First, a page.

Andre Akito

June, 2023

Batik – A Fading Craft

For centuries, handmade crafts have played a huge role in shaping a nation’s culture, economy and national identity. However, the modern world raises serious challenges to many of these crafts. As a consequence, many of these traditional forms of art face a serious risk of slowly fading away. Batik, the technique of decorating cloth using wax and dye, is one of these ancient forms of art that is facing many challenges in today’s world. 

A common challenge across many handcraft products stem from fierce industrial competition. Nowadays, companies are able to manufacture products that are very similar in look and in quality from handmade crafts. In Batik industry, for example, high quality printers can create patterns, colors and textures on cloth that resemble the traditional Batik technique. However, due to the use of modern machinery and the financial benefits obtained through economies of scale, these industrial products are produced and offered at considerably lower prices. Many consumers can’t distinguish between handmade and industrial products and others are not even interested in trying to find out the origin of the products they are acquiring. As most consumers tend to be price-oriented, they often end up choosing the industrial products instead of handmade ones. As a result, a lot of the income that was previously being given to local craftsmen are now being redistributed among branded companies and production factories. 

Another challenge that many crafts are dealing with today is to attract a new generation artisans to keep the craft alive. Today, the young generation have a wider range of career and educational opportunities to choose from. Education is more accessible and online learning, for example, provides students a chance to acquire specific set of skills that are high in demand in the 21st century. As a consequence, students are opting to pursue careers other careers instead venturing themselves into the craft markets. To make things even more complicated, many of those who choose to work as a craftsmen, eventually quit within the first years. Developing the skills to become a successful craftsman takes many years of practice and, in addition, there are many risks involved. Nowadays, young people usually tend to prioritize and pursuit careers that have a quicker payback and that provide a faster road to success. As current craftsmen start to retire in the following decades, there will be less people sustaining certain crafts.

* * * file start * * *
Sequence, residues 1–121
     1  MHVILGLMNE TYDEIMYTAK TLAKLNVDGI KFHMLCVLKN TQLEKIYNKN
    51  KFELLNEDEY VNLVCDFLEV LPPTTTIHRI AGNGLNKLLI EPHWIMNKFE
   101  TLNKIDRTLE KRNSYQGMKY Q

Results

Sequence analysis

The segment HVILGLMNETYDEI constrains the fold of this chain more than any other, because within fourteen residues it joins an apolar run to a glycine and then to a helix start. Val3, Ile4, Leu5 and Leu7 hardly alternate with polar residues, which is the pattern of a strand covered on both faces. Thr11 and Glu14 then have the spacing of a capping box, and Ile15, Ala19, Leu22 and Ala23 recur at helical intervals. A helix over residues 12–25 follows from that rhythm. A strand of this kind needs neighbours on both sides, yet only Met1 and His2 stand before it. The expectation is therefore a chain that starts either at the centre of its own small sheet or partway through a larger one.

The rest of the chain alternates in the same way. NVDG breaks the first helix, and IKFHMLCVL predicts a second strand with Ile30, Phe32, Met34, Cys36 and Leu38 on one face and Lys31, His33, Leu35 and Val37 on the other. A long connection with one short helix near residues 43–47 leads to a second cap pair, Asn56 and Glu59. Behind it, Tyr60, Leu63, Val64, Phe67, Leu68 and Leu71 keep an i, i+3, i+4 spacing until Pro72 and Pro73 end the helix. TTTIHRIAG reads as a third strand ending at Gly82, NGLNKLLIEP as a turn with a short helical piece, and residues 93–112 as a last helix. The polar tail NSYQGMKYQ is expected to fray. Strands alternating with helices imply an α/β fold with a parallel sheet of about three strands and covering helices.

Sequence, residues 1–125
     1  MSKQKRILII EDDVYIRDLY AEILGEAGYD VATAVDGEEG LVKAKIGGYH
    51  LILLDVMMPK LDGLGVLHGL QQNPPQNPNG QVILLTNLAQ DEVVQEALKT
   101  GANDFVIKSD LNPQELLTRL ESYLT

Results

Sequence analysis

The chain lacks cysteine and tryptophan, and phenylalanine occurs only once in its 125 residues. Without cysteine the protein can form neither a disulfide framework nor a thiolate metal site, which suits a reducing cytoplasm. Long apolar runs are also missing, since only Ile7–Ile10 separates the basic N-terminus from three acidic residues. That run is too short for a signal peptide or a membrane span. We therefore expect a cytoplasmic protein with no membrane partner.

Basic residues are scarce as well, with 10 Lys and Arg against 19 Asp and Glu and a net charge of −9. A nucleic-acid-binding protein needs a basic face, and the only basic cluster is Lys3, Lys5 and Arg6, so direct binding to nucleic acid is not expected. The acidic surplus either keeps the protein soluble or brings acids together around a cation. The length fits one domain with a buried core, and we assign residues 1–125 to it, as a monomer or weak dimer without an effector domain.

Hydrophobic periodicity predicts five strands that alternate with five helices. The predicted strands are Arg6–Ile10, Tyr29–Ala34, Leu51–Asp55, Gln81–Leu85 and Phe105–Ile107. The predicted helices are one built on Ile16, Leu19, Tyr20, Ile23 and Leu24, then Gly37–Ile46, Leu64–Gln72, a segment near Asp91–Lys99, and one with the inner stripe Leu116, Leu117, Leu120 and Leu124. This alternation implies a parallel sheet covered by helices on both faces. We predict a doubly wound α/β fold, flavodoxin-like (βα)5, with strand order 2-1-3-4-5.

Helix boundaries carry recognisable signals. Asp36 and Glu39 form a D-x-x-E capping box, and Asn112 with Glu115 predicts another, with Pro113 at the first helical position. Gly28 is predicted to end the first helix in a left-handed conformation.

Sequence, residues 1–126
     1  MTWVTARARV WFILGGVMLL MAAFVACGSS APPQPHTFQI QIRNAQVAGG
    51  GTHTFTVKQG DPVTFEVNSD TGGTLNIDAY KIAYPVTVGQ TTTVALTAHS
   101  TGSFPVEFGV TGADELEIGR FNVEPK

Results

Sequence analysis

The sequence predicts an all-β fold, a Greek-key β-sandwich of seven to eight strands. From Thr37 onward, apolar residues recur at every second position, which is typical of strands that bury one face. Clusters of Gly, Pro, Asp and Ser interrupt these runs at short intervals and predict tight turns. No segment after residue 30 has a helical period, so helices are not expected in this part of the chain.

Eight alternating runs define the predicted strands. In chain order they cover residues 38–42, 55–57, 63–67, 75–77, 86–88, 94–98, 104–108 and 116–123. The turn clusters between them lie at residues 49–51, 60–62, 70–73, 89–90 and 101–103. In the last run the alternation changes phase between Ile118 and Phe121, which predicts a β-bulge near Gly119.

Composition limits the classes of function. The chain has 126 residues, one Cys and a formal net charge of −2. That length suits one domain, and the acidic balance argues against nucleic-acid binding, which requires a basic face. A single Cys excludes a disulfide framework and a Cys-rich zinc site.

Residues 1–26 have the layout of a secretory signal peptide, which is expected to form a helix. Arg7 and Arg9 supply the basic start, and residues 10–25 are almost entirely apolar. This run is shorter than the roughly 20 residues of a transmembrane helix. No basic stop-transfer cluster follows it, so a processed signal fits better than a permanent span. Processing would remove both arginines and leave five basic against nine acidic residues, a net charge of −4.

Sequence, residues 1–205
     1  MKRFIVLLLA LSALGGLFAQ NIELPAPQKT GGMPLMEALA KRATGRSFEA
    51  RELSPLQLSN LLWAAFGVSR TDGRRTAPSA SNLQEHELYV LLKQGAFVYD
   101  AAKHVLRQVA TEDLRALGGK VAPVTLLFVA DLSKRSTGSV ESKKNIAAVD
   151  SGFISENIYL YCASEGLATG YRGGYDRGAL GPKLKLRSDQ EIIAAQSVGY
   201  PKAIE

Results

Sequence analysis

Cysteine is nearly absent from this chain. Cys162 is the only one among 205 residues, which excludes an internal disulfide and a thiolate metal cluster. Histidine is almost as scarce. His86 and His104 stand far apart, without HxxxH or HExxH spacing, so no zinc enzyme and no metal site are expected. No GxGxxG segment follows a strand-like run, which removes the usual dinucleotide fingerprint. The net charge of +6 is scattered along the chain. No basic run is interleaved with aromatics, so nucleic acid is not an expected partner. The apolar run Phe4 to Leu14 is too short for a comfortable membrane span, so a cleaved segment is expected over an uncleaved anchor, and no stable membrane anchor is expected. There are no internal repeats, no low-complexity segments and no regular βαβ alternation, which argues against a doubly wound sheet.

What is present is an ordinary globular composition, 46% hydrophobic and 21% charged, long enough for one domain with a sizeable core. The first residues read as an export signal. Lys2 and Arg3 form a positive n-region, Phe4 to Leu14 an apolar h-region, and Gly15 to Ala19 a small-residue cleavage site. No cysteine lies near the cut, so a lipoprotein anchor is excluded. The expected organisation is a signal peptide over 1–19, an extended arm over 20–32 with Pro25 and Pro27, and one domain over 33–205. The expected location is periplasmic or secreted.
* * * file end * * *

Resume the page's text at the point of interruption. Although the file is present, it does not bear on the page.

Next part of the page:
The first important step to change this landscape and to uplift the craft industry once again, is for consumers to understand more about the products they are acquiring (for example, whether the products was produced by an artisan or by a machine) and try to prioritize handmade over industrial products, even if they tend to be a bit more expensive. It’s important to emphasize that there are many benefits related to buying handmade products such as: supporting local communities by stimulating the local economy and creating jobs; acquiring a one-of-kind item that has a unique value; and also reducing waste and pollution that comes with global distribution (since crafts are locally produced). Finally, buying local crafts is also a way to preserve traditional forms of arts that might fade in the modern age. 

If consumers start valuing more handmade crafts, understanding the processes that are required to produce these items and appraising the talented people behind the crafts, some of these products might be lifted once again which which may raise interest and attract a new generation of craftsmen. 

Local crafts are inherently connected to a country’s identity and to the everyday life of its citizens. They provide a sense of uniqueness to nations, increase tourism, provides jobs for many individual and tell the story of a country and its people. It is important to preserve them and to value the people who work hard every day to keep them alive. 

Batik - A Fading Craft

In June 2023, I visited a Batik workshop in Balik Pulau on the island of Penang, Malaysia. I visited the workshop with James Lin, a local artisan and owner of Batek-Lah Collection, a store located in Georgetown. Its products are designed and produced by local Malaysian artists around the state of Penang. In the workshop, we met Abdul Rashid Bin Omar, a hand block batik artist, who has been working in Batik industry for 40 years. 

This video explain the process of handmade Batik production as well as the challenges that local artisans and local crafts are facing today. 

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